Is The Prairie Vole a Good Model Species?
Doctor Larry Young describes the prairie vole as an excellent model species because it forms social bonds similar to humans.
I believe that the prairie vole is a wonderful model species because it is one of the few animals that has a constellation of social behaviors which is remarkably similar to our own. Itâ€™s very different from the mouse or the rat or other model species that have traditionally been used. Mice and rats donâ€™t form social bonds, so you canâ€™t study social bonds in those. I really believe that this species which is relatively new to science is going to become a more and more important model, eventually having itâ€™s genome sequenced and developing more tools so that we can do even more sophisticated things. Iâ€™m really committed to making this model become as useful as the mouse. For example, we are able to do genetic manipulations in voles just like we do in mice. I really think that thereâ€™s no limitations to what we can do with the prairie voles. I think that the diversity and behavior that we see in prairie voles just provides an opportunity to understand the social brain, which is just not present in mice or rats.
prairie voles, model, system, genes, social, brain, species, social behavior, larry, young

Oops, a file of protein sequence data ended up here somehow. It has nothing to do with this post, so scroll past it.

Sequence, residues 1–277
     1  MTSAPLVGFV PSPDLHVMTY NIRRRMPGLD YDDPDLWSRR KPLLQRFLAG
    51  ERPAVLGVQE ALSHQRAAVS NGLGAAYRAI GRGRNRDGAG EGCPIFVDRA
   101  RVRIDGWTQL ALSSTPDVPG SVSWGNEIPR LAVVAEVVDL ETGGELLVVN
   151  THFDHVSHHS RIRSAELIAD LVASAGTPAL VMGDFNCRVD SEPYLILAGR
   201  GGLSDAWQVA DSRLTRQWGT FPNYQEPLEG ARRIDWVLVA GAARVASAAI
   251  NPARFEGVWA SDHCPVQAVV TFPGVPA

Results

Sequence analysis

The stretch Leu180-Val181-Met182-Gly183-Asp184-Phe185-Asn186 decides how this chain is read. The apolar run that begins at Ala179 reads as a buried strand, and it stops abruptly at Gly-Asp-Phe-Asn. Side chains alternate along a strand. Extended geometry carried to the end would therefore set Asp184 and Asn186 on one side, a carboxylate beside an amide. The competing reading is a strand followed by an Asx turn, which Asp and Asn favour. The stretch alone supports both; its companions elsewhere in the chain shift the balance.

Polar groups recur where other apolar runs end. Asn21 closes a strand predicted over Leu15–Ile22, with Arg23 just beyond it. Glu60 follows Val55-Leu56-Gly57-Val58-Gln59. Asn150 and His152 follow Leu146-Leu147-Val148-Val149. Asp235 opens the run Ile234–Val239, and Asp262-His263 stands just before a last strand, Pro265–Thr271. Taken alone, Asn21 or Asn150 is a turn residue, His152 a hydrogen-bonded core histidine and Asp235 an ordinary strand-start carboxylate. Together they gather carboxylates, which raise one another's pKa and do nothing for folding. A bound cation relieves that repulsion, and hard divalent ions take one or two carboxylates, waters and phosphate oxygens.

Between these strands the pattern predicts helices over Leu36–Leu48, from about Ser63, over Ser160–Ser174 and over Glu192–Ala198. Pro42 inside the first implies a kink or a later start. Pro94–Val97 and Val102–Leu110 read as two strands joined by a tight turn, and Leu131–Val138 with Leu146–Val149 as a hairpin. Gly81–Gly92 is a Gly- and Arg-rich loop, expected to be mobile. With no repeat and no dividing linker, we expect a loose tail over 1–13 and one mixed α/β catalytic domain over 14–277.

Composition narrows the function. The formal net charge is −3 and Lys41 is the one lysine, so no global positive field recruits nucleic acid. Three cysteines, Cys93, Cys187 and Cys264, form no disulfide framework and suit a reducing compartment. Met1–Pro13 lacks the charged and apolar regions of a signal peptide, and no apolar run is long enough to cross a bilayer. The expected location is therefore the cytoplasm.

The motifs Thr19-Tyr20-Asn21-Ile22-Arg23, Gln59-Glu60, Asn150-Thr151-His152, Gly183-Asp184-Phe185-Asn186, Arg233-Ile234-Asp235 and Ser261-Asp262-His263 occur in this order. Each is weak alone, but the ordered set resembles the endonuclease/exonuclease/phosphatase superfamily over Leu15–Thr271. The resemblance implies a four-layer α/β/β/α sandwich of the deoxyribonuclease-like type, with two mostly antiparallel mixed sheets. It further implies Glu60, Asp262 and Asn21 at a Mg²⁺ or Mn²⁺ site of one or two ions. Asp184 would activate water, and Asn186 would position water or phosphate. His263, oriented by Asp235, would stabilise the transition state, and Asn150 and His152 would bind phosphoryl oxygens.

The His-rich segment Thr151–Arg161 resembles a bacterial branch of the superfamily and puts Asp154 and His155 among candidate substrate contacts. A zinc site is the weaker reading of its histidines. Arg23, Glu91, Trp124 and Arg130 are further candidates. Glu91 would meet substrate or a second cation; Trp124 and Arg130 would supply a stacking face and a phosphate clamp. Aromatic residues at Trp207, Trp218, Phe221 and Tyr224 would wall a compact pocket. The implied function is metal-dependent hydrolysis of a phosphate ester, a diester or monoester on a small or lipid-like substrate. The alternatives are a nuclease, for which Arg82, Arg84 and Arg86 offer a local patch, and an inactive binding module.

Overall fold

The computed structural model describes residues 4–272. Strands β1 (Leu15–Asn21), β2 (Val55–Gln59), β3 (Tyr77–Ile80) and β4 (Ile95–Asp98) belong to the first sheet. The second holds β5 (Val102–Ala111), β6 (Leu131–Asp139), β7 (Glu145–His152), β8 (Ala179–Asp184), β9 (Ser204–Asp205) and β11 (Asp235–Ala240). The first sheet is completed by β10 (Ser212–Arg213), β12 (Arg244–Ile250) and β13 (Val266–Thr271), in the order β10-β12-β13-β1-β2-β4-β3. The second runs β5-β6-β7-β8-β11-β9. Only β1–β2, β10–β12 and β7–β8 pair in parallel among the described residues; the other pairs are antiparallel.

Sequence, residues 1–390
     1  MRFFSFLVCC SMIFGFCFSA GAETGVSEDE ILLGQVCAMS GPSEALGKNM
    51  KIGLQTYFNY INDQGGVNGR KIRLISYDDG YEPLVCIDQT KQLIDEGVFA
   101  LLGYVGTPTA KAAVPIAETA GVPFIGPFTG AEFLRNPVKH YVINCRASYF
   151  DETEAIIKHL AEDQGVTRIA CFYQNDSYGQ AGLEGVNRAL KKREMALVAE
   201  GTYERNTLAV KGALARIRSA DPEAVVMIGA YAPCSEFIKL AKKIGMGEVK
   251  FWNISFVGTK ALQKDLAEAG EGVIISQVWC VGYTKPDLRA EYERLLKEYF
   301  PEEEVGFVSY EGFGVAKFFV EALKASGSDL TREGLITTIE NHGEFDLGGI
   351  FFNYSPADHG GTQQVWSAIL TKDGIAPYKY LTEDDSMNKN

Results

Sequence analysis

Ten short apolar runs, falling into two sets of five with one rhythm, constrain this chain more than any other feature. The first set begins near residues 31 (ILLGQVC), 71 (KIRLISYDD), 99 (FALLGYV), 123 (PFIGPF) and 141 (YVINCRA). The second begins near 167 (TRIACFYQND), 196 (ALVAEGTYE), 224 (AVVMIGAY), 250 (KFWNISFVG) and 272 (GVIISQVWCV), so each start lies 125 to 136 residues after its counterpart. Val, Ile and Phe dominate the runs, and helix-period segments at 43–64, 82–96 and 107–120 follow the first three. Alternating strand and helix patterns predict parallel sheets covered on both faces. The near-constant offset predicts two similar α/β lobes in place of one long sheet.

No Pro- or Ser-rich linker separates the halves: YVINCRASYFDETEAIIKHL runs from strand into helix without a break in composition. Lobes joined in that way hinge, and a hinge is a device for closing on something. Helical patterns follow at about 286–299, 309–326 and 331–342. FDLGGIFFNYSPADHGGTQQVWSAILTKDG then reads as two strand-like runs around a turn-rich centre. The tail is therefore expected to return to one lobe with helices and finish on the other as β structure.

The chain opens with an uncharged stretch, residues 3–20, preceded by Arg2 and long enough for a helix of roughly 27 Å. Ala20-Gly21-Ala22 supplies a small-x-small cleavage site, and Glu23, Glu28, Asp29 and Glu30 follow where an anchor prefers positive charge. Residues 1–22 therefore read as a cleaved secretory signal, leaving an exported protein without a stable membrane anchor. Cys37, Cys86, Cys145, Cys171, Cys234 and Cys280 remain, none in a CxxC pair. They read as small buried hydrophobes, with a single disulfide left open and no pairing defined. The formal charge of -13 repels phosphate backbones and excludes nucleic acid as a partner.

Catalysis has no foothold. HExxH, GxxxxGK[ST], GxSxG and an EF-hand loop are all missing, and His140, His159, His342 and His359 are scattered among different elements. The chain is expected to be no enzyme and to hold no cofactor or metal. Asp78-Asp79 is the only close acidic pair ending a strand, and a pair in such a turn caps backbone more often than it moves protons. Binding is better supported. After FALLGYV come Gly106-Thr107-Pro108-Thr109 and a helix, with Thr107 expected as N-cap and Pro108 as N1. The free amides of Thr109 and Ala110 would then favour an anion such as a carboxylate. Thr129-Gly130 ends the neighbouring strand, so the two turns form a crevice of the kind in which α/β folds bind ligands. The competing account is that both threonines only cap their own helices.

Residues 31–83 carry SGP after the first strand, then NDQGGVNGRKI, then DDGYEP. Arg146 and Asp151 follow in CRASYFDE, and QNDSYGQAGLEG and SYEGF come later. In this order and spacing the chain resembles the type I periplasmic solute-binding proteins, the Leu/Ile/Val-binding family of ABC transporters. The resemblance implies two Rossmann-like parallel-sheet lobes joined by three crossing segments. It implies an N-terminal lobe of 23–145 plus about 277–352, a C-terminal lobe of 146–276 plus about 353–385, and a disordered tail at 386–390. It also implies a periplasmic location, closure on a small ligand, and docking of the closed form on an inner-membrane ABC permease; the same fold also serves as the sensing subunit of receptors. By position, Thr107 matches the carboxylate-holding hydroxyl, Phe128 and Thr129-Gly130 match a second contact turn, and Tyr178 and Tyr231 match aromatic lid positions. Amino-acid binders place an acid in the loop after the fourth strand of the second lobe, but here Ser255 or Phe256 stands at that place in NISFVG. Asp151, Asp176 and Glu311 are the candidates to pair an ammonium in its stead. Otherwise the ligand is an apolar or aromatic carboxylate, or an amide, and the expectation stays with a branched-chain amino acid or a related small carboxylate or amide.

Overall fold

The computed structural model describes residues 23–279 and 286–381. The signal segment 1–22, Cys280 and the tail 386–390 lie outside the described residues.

Doctor Larry Young explains that the genes that encode for vasopressin receptors can predict social behaviors. This intriguing finding makes the link between genes, the brain and behavior.
Doctor Larry Young explains that social personality traits are influenced by levels of oxytocin and vasopressin in the brain.
Doctor Larry Young discusses how vasopressin and oxytocin contribute to the reward system, which can promote behavior such as bonding and drug addiction.
Doctor Larry Young discusses his research with prairie voles and suggests that the same neurobiological processes may underlie drug addiction and bonding.
Doctor Larry Young discusses that he believes there is a biological basis to love.
Doctor Larry Young explains that the experience of being in love activates pleasure centers in the brain, and comments that bonding in prairie voles may be similar to humans.
Doctor Thomas Insel discusses the importance of two neuropeptides - oxytocin and vasopressin - in relation to attachment and social bonding.
Doctor Thomas Insel continues his discussion of the two neuropeptides, vasopressin and oxytocin.
Doctor Larry Young discusses how genes, biochemicals, and the brain interact to form complex social behaviors.
Doctor Larry Young discusses evidence of a relationship between oxytocin and autism, speculating that oxytocin may be used to treat autism.